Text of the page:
Sandstorm, which saw a year or so of opacity and a lack of certainty that it would ever come out since “revealed” at E3 2017, recreates the same visceral gameplay of the original Insurgency anew in the Unreal Engine, while bringing minor tweaks and changes to the game that keep it interesting.

20190106162632_1The most significant new feature in Sandstorm is that you can spend in-game currency, earned with each match, to buy cosmetic character options (except right now you can only earn XP and currency through the public match-making system, which precludes most hardcore fans from experiencing this part of the game as they are playing on servers hosted by the same groups that hosted Insurgency 1 servers). Other new features include being able to plant an explosive charge on a cache even if you dont have explosives – something that often caused issues in the game because the people who didn’t die didn’t have the explosives to complete objectives. Additionally, there are vehicles now – trucks with heavy machine guns mounted on them; you can now call in air support and artillery support like in Day of Infamy.

Really Sandstorm is just an upgrade – new graphics, with the gameplay mechanics of Day of Infamy now included.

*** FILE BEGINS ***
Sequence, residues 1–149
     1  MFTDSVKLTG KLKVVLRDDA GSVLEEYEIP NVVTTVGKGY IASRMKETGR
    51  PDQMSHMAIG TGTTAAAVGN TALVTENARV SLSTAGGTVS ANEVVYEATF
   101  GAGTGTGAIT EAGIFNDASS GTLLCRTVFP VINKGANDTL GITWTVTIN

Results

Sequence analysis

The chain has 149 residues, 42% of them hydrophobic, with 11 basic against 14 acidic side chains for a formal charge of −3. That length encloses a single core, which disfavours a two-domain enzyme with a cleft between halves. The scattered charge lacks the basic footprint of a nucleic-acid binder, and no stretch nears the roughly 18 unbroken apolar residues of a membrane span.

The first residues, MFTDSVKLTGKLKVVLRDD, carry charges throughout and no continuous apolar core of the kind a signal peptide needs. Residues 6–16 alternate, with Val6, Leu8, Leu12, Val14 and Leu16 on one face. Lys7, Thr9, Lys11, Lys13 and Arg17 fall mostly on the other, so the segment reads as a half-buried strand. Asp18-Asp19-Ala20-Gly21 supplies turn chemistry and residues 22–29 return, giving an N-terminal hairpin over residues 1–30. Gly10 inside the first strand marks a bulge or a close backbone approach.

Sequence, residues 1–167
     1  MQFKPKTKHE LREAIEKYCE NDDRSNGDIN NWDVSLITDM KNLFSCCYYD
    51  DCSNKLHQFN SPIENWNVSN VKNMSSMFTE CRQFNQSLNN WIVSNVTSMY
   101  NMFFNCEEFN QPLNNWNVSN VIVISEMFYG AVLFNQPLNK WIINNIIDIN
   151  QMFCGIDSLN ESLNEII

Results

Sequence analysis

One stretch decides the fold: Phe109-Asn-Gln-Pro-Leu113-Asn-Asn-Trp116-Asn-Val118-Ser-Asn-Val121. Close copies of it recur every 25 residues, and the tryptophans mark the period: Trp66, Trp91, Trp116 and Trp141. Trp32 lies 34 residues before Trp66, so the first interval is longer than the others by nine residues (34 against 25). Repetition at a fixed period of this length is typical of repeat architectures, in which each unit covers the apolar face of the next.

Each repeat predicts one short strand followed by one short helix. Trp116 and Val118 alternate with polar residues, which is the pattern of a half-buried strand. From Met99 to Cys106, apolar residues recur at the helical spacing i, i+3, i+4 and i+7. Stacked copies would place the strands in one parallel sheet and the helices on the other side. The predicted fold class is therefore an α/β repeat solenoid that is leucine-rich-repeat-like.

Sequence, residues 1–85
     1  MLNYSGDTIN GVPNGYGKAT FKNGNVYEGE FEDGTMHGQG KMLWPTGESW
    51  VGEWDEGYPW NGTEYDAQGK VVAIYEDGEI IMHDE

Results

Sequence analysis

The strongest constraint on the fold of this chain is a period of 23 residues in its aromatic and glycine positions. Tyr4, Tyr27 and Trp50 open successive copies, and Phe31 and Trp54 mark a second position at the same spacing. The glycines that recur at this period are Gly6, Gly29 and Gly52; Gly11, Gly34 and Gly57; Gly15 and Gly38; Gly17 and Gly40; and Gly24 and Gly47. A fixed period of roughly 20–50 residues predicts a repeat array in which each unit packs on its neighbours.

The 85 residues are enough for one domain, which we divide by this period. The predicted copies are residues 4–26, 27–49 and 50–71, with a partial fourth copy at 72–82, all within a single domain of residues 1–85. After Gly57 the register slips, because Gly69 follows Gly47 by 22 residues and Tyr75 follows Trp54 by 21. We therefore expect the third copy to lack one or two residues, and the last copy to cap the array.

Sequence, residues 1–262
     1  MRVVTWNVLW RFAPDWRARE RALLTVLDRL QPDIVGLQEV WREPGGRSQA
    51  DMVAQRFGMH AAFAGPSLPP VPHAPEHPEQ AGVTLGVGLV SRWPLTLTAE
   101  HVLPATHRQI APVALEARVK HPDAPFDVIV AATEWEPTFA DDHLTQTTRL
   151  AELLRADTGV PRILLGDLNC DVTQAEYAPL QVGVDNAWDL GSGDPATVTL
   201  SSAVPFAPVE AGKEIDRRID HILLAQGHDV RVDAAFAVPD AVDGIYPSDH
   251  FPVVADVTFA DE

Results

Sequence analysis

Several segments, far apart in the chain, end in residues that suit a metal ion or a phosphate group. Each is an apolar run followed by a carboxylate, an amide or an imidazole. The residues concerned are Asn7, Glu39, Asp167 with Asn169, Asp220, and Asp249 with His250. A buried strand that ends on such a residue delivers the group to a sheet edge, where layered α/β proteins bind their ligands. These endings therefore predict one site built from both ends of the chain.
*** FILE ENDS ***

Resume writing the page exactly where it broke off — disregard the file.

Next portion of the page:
The only major change I’d mention is that the default sound is much, much better – everything has kick to it and the weapons sound wonderful.

Right now there is no mod support, which was a huge contributor to keeping Insurgency alive, but NWI says it’s coming. There are still servers with supposed gameplay changes like Angry Bots, Armory, or Bot Massacre, but not weapon skins, custom maps, custom sounds, UI mods, etc. The game is also a bit barebones, for those who preferred co op. Right now the only mode available is checkpoint – no Survival or Raid or Stronghold.

Really the only upsetting things about the game are that it occasionally retains the same glitches from alpha, and it’s such a faithful recreation of the original that it has the same problems. Bots will snipe you across the map with molotovs when playing co-op, for example. Unlike before when you could see the trail of fire arcing through the sky towards you, now it’s just a surprise – you’re dead. It also often seems the bots have AP bullets and can shoot through anything they please – an option you aren’t afforded. Pictured above is a glitch that survives since alpha – sometimes your hands will disappear on spawn and then never come back until a new map is loaded.
If you already own Insurgency, the answer is obvious. If not, I would check this out – it’s one of the few moderately realistic military shooters you’re going to find. The game still has a fair amount of issues left over from beta like floating weapons or bodies when you kill people, and unfortunate performance issues, but overall it’s solid.

Suffice to say performance has improved marginally with each patch, but the recommended specs from the developers are absurd. An i7-8700k is recommended, yet an older GPU seems to be fine. The game has significant issues if  you use an older processor than recommended, for instance since alpha the test machine used for this review has a 6700k and the game stutters and has significant hitching.

Time Played: 87.8 hours

System: i7-6700k, GTX 1080, 32 Gb DDR4-3200, Evo 850 SATA SSD

Verdict: Gild it